June 11 Flash Flood A Top Story in Arkansas
Editor’s Note: Each year, the Fort Smith, Ark., Times Record newsroom staff votes on the Top 10 local stories of the year. The Albert Pike Campground flood ranks as the No. 4 story of 2010. Here is that newspaper’s report on the tragic event that claimed 20 lives.
Campers planning to enjoy an early summer weekend of camping in a remote Arkansas valley were visited by tragedy June 11 as a severe storm touched off a flash flood that killed 20 people, most of whom had no knowledge of the impending disaster.
The normally sedate Caddo and Little Missouri rivers, fueled by heavy rain, rose from a pre-storm level of just less than four feet deep to an estimated depth of over 23 feet and sent a wall of water through the Albert Pike Recreation Area campground at 3 a.m. while campers were asleep.
Many of the 300 campers in the area were trapped by a wall of water that swept through the campground.
Those in the area reported the water rose at eight feet an hour in the area packed with vacationing families still asleep in their tents.
The force of the water flattened trees, turned over RVs, swept away tents and occupants and peeled asphalt off roads.
Rescuers managed to rescue 60 people stranded by high water in the flooded valley. Two dozen were hospitalized.
In the wake of the storm, rescue workers from throughout the state launched canoes and kayaks to began the grisly task of searching for victims as anguished relatives pleaded for news of their missing loved ones. Helicopters brought help to the campground and ferried the injured out.
Gov. Mike Beebe, who toured the site in the hours after the flooding, declared Montgomery and Pike counties disaster areas. The Arkansas National Guard provided a UH-60 Blackhawk helicopter with five personnel on board to help with rescue efforts.
Two helicopters from the Oklahoma National Guard were also at the scene.
Rescue efforts were slowed by the remoteness of the location. Initial investigations indicated the National Weather Service had issued a flash flood warning but communicating it was difficult. Radio and cell reception is limited in the area, and no park ranger is stationed there.
Rain had begun falling around 9 p.m. the night before the flood. After midnight, heavy rain moved into the area, dumping between 6 and 8 inches of rain in four hours.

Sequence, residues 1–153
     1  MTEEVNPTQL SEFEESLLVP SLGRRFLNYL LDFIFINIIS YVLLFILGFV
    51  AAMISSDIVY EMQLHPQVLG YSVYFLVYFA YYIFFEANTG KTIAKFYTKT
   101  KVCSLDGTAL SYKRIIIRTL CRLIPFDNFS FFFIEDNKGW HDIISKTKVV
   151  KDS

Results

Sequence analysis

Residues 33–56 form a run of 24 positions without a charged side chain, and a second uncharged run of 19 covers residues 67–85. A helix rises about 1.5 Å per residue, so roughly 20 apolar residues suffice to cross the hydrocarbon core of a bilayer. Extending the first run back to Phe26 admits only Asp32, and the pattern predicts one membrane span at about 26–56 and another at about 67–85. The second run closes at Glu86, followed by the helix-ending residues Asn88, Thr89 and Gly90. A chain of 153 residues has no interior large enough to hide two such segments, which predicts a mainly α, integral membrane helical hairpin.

Law enforcement officers responded to the threat and began to move campers as the water steadily rose.
For some, the first indication of trouble was the roaring of the water in the pre-dawn darkness.
Recovery concluded with the discovery of the 20th victim on June 14. The Associated Press reported the deceased included six children. The youngest was 2 years old. Victims identified were largely from Texas and Louisiana.
Within a week of the disaster, Sen. Mark Pryor called for implementation of steps to make Arkansas campgrounds safer.
The U.S. Forest Service conducted a study of the disaster and released its findings in October.
The Forest Service called for a plan that includes steps such as ensuring campground visitors have information about facilities, improving emergency response and evacuation plans and expanding its training of employees and volunteers in visitor safety.
The report recommends installing more warning signs and construction of a safety zone for campers.
Also recommended are installation of radio equipment to enable National Weather Service warnings and Forest Service communications to reach the campground.
The report also recommends a memorial to the dead be erected at the high water mark of the June 11 tragedy.
The report faulted the Forest Service for poor design and construction of the campground, and for ignoring studies that showed the site was within the 100-year flood plain.
Some portions of the Albert Pike Recreation Area were reopened for day use on Aug. 27. Overnight camping is still prohibited.